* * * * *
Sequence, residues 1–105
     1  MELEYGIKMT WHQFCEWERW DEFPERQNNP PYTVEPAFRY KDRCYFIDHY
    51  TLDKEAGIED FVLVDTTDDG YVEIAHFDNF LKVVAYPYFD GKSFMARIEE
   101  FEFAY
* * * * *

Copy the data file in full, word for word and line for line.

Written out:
Sequence, residues 1–105
     1  MELEYGIKMT WHQFCEWERW DEFPERQNNP PYTVEPAFRY KDRCYFIDHY
    51  TLDKEAGIED FVLVDTTDDG YVEIAHFDNF LKVVAYPYFD GKSFMARIEE
   101  FEFAY